Pulaski was one of the various foreigners that were commissioned by Congress to serve in the Continental Army, like his Polish compatriot, Tadeusz Kościuszko.  Kosciuszko served as an engineer; Pulaski had been a cavalry officer.  He would be mortally wounded at the Battle of Savannah a year later.  This monument in the area of where he fought at this obscure battle in New Jersey serves as a reminder that the United States has always depended upon "the aliens among us."

  

Sunday, August 12, 2012

The End of the Revolutionary War

There seems to be some disagreement over the actual last land battle of the Revolutionary War.  Contrary to what many lay people seem to believe, hostilities did not end at Yorktown in October 1781.  Howard Peckham's invaluable The Toll of Independence notes dozens of engagements in 1782, resulting in 277 American deaths,  124 wounded, with 80 captured; he lists only 5 land engagements for 1783.  Among the final actions, the Battle of Cedar Creek Bridge in Stafford Township, New Jersey, is his last listed for 1782 and among the six final "engagements" of the war.  Here we see a view of the area, with the Cedar Bridge Tavern (now a private residence) glimpsed to the left and the creek at the bend in the road in the center of the picture.
The engagement occurred on December 27, 1782, when local militia under Captains Richard Shreve and Edward Thomas sought out the hated Loyalist, Captain John Bacon.  They and their men stopped at the tavern, were surprised themselves by Bacon and his forces, and when they were gaining the upper hand, Bacon was supported by fresh Loyalists, which facilitated Bacon's escape.  The Patriots lost 1 killed and 1 wounded; 1 Loyalist was killed, 4 wounded, and 7 taken prisoner.  Shreve's militia did manage to kill Bacon on April 3, 1783, Peckham notes, after the peace treaty was signed.  The Stafford Township Historical Society lists this as the "last battle" of the war.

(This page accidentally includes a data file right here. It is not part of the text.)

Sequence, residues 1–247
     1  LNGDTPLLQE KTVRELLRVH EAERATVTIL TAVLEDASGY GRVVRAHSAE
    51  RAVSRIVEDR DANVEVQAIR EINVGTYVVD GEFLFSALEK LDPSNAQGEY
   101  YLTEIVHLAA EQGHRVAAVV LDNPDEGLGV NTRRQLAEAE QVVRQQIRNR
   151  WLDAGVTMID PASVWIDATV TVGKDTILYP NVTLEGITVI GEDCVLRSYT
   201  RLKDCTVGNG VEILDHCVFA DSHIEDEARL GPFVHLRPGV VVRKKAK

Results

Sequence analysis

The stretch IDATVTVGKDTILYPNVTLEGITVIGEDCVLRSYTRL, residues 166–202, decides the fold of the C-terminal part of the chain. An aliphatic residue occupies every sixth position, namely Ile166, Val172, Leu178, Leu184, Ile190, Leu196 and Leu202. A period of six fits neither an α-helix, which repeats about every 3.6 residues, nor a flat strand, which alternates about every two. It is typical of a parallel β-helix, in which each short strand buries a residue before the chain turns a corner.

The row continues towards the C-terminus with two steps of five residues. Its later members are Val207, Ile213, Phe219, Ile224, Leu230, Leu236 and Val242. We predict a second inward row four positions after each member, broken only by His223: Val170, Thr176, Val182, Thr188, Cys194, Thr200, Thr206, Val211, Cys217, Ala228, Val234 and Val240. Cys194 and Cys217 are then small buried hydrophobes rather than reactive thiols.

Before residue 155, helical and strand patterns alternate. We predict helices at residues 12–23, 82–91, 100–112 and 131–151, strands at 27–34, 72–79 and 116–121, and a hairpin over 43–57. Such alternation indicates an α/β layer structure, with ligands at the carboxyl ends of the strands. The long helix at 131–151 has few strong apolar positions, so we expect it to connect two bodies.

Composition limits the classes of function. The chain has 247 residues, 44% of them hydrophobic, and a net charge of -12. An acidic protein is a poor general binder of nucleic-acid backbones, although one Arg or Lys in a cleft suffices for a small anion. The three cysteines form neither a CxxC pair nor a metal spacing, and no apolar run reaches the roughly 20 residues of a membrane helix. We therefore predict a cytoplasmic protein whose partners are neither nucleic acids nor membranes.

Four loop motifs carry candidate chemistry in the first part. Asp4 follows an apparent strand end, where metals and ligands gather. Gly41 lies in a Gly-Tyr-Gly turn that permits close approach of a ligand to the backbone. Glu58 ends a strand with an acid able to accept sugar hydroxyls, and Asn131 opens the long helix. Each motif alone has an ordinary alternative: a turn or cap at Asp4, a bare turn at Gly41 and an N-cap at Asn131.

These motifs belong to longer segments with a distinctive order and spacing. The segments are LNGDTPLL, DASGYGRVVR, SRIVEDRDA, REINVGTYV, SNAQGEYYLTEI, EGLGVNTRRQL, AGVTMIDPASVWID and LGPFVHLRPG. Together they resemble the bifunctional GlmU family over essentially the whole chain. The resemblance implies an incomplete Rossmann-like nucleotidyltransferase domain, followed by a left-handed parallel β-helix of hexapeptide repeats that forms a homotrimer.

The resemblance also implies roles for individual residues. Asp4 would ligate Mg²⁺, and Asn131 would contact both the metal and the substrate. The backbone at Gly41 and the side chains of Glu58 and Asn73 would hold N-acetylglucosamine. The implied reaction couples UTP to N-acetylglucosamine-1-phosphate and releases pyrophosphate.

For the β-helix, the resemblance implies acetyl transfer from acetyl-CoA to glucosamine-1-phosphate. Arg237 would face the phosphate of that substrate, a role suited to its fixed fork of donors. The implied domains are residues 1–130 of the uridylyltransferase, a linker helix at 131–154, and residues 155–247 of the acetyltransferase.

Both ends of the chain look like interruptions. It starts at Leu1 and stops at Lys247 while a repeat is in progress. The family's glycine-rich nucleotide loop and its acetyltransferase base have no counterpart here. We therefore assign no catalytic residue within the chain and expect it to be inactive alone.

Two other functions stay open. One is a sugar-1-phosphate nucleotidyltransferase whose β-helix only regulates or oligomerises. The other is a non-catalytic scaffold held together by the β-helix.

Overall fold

Whether it owns that distinction or not of being "last," the place remains sacred: at least one man on each side of the civil war divide lost his life here.  While the bitterness of the internecine nature of this war is often discussed in the context of the Carolinas, here in "southern" Jersey, the divide was often just as broad and brutal.


Wednesday, August 8, 2012

Nathan Hale and Revolutionary Iconography


This statue of Nathan Hale stands at the entrance of the Chicago Tribune Building in Chicago, Illinois.  I understand that the last surviving member of the Boston Tea Party is buried in Chicago, and there is a statue honoring George Washington, Haym Solomon and Robert Morris on Wacker Drive.  Chicago was not the scene of any notable Revolutionary War battle, yet these statues serve to knit together the country in its common recollection of the iconographic figures of the war and the era.  This statue is a copy of the one at Yale University.  Interestingly enough, it is reported that there were no contemporary portraits of him, and this was based on description.  Hale was hanged in New York shortly after the Kip's Bay landing by the British.